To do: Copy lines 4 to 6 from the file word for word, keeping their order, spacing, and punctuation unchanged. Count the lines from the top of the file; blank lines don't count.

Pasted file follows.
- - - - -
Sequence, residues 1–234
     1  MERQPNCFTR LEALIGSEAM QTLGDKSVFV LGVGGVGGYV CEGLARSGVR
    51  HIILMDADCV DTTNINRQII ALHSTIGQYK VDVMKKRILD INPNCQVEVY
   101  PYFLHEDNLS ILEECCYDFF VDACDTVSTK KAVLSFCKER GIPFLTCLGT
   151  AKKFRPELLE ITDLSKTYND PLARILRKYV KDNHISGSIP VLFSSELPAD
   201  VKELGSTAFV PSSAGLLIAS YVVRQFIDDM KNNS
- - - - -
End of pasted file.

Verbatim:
   101  PYFLHEDNLS ILEECCYDFF VDACDTVSTK KAVLSFCKER GIPFLTCLGT
   151  AKKFRPELLE ITDLSKTYND PLARILRKYV KDNHISGSIP VLFSSELPAD
   201  VKELGSTAFV PSSAGLLIAS YVVRQFIDDM KNNS